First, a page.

Threshold Size of Medical Tablets and Capsules: Based on Information Collected by Japanese Medical Wholesaler
Authors Kabeya K, Satoh H, Hori S, Miura Y, Sawada Y
Received 12 March 2020
Accepted for publication 7 July 2020
Published 22 July 2020 Volume 2020:14 Pages 1251—1258
Checked for plagiarism Yes
Review by Single-blind
Peer reviewer comments 4
Editor who approved publication: Dr Johnny Chen
Kenji Kabeya,1 Hiroki Satoh,2,3 Satoko Hori,4 Yasumasa Miura,5 Yasufumi Sawada2
1Faculty of Pharmaceutical Sciences, The University of Tokyo, Tokyo 113-0033, Japan; 2Laboratory of Drug Lifetime Management, Graduate School of Pharmaceutical Sciences, The University of Tokyo, Tokyo 113-0033, Japan; 3Interfaculty Initiative in Information Studies, The University of Tokyo, Tokyo 113-0033, Japan; 4Laboratory of Drug Informatics, Keio University Faculty of Pharmacy, Tokyo 105-8512, Japan; 5Toho Holdings Co., Ltd, Tokyo 155-8655, Japan
Correspondence: Yasufumi Sawada
Laboratory of Drug Lifetime Management, Graduate School of Pharmaceutical Sciences, The University of Tokyo, 7-3-1 Hongo, Bunkyo-Ku, Tokyo 113-0033, Japan
Tel +81 3 5841 1096
Fax +81 3 5841 1097
Background: Medical tablets and capsules are superior with regard to portability and are the most common dosage form in Japan. However, their large size often results in difficulties during ingestion, sometimes leading to reduced medication adherence.
Objective: The authors used postmarketing surveillance data to determine the threshold size of medical tablets and capsules that patients feel are too large to ingest.
Patients and Methods: The marketing specialists of Toho Pharmaceutical Co., Ltd. collected opinions of patients and medical workers (November 2014–April 2016). Regarding 709 reports from patients stating that the tablet or capsule for too large for ingestion, a dataset was prepared from package inserts of the reported drugs. Two analyses were conducted: histogram analysis of size distribution and geometric analysis using linear approximation. Six indices of tablet/capsule size were considered: length; length + width; length + width + depth; length × width; length × width × depth; and weight.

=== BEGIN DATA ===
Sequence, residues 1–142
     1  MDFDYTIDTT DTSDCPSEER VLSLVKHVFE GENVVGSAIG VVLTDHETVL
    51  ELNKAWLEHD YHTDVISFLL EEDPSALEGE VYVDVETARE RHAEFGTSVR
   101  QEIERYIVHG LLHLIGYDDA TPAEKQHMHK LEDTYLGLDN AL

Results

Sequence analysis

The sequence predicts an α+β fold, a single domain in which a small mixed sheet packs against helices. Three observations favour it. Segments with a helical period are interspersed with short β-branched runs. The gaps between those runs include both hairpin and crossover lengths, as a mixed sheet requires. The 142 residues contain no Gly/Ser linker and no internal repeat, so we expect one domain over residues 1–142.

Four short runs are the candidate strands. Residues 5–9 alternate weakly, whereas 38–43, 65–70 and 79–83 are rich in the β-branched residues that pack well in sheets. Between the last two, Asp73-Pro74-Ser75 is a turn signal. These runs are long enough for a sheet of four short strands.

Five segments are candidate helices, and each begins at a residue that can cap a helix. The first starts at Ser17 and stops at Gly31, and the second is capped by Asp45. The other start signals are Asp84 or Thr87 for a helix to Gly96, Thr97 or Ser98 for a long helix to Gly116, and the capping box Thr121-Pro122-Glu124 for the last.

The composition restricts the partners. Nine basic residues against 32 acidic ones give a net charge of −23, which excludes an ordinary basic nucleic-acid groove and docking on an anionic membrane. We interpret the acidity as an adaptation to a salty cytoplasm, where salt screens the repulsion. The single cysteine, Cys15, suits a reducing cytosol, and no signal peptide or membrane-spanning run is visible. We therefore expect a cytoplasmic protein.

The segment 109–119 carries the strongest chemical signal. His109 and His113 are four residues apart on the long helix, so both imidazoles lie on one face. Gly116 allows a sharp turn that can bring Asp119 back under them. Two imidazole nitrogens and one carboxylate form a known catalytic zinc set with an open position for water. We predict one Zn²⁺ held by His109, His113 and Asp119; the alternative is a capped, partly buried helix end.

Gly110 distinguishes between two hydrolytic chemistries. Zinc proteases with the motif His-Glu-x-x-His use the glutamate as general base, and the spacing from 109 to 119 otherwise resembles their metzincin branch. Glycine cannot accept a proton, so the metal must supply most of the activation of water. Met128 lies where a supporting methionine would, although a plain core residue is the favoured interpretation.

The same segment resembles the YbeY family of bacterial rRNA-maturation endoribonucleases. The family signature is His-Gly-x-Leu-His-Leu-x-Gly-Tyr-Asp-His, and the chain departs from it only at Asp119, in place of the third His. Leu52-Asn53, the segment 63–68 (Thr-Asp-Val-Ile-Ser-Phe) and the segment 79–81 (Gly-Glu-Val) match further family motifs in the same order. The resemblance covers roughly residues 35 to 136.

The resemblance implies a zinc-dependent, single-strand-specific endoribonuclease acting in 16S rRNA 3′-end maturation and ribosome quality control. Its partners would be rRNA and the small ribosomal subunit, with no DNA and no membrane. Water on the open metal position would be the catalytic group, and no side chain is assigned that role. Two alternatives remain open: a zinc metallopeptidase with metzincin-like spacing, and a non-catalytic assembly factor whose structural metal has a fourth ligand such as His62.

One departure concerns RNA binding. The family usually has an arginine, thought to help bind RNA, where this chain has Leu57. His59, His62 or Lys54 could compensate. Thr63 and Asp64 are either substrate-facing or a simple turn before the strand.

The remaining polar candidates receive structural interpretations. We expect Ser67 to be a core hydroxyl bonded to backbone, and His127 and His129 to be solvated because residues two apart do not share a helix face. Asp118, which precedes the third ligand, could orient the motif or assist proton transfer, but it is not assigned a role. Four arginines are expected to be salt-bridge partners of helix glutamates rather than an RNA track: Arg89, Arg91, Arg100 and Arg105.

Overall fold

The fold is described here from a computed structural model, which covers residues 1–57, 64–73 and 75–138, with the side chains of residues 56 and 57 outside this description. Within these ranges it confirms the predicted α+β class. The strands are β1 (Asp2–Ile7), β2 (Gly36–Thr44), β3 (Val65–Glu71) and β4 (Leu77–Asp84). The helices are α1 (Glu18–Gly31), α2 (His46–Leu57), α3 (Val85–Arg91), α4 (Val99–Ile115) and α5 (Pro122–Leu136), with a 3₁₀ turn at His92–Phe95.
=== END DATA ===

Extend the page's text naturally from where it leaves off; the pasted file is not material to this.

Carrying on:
Results: Histogram analysis revealed that length + width + depth is an excellent index of tablet/capsule size, and negative reports on tablet/capsule size drastically increase when this index is ≥ 21 mm. Geometric analysis using linear approximation also revealed similar results.
Conclusion: The threshold size of tablets/capsules that patients feel are too large to ingest is length + width + depth = 21 mm. Therefore, when designing or altering tablets/capsules, if length + width + depth is ≥ 21 mm, the drug should be scored, split into smaller doses, or redesigned as an orally disintegrating formulation.
Keywords: marketing specialist, size, shape, tablet, capsule, postmarketing surveillance
This work is published and licensed by Dove Medical Press Limited. The full terms of this license are available at https://www.dovepress.com/terms.php and incorporate the Creative Commons Attribution - Non Commercial (unported, v3.0) License. By accessing the work you hereby accept the Terms. Non-commercial uses of the work are permitted without any further permission from Dove Medical Press Limited, provided the work is properly attributed. For permission for commercial use of this work, please see paragraphs 4.2 and 5 of our Terms.Download Article [PDF] View Full Text [HTML][Machine readable]